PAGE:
Obviously, I can’t proceed with the steps required in completing the square. I must isolate the x-terms to the left, and the constant to the right.

Do that by subtracting both sides by 1.

This time I am ready to perform the completing the square steps to solve this quadratic equation. Start by taking the coefficient of the linear x-term then divide it by 2 followed by squaring it. This is the MOST important step of this whole process.

Whatever number that comes out will be added to both sides of the equation. The left side becomes a perfect square trinomial which can be rewritten as the square of binomial.

Eliminate the power 2 of the binomial by taking the square root of both sides. I hope that you’ll be able to follow the rest of the solution.

I got the following as the answers which are {x_1} = 7 and {x_2} = 3. Go ahead and check the solutions yourself as an exercise.

**Example 3**: Solve the quadratic equation below by completing the square method.

**Solution:**

The answers are {x_1} = 2 and {x_2} = - 10

**Example 4**: Solve the quadratic equation below by completing the square method.

The first thing to do is to move the constant to the right side by subtracting each side by 8.

This is actually the “Difficult Type” since a \ne 1. Thus, I need to make the coefficient of the squared x-term equal to 1. This can be done by dividing through the entire equation by a which equals 8!

By dividing through by 8, I have converted this problem into the “easy” case because the coefficient of the squared x-term becomes +1. Finish this off by doing the same process as seen in examples 1 and 2. The only difference is that I will deal with fractions.

Consider the coefficient of the linear x-term, divide by 2 and square it.

Take the output of the step above, and add to both sides of the quadratic equation. Then proceed with the rest of the steps to complete the square.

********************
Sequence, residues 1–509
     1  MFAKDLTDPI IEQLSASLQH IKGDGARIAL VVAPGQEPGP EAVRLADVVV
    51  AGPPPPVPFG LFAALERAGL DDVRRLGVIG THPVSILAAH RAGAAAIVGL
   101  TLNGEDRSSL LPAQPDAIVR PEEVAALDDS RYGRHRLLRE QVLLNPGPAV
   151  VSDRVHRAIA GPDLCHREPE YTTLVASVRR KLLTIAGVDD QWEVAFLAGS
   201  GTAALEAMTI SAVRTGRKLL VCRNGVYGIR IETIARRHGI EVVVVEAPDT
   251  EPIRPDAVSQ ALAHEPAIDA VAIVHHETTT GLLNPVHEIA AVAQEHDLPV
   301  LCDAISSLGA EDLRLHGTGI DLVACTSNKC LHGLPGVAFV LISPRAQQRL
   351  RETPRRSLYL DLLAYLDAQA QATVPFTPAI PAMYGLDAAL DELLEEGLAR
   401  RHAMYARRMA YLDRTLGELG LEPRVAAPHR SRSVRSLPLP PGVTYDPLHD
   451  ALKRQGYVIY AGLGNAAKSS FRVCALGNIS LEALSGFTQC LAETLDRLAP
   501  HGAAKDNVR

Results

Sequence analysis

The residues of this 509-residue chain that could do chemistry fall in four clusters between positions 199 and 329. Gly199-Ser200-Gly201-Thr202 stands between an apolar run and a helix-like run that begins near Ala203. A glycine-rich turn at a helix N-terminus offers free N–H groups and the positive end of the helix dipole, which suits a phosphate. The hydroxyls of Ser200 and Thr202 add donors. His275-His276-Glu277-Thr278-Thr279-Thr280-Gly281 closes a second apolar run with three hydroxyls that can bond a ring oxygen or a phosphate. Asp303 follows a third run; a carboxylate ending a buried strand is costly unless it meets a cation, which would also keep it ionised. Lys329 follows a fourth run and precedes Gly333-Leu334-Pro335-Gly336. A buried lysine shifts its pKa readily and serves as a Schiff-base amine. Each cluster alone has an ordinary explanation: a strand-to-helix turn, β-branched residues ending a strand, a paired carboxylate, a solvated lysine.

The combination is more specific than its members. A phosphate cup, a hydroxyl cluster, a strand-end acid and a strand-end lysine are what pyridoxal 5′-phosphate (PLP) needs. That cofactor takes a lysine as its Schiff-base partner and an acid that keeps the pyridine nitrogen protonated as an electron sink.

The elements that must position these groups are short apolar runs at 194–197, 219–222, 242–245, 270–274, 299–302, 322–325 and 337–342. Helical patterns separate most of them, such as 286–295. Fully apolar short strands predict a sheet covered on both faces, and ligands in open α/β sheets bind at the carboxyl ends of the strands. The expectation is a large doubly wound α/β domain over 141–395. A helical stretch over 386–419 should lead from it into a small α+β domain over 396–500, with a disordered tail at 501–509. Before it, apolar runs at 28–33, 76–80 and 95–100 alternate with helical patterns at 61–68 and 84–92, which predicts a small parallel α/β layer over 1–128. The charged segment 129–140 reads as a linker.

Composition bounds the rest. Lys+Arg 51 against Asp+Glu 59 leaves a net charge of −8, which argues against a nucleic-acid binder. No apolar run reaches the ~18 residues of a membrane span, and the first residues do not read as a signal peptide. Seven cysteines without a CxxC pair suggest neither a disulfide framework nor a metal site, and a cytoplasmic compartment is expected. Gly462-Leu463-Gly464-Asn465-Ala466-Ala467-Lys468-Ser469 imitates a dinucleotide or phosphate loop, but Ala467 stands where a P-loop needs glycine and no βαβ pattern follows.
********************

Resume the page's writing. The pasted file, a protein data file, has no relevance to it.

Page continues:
The answers should be {x_1} = 2 and {x_2} = {1 \over 2}.

**Example 5** (**Practice Problem**): Solve the quadratic equation below by completing the square method.

Try solving this problem on your own first. Then click the button below to view the solution in PDF file.

**NOTE:** The solution to this problem may look messy but as long as you apply the correct procedures for completing the square, you will soon realize that the answers to this problem come out nicely.

*Hint**: The solution set includes a rational number and a negative integer.*

**Example 6**: Solve the quadratic equation below by completing the square method.

I will move the constant to the right side while keeping all x-terms on the left. Then I must divide the entire equation by - \,3 since a \ne 1.

- Subtract both sides by 42

- Divide entire equation by - \,3

Now, I will take the coefficient of the linear term, divide it by 2 and square it.

Add this output 4 to both sides of the equation. This makes the left side a perfect-square-trinomial which can be rewritten as the square of a binomial.

That was easy, right? Again, the more you see how these problems are being solved correctly, the better you become!

**Example 7** (**Practice Problem**): Solve the quadratic equation below using the completing the square method.

Try solving this problem on your own first. Then click the button below to view the solution in PDF file.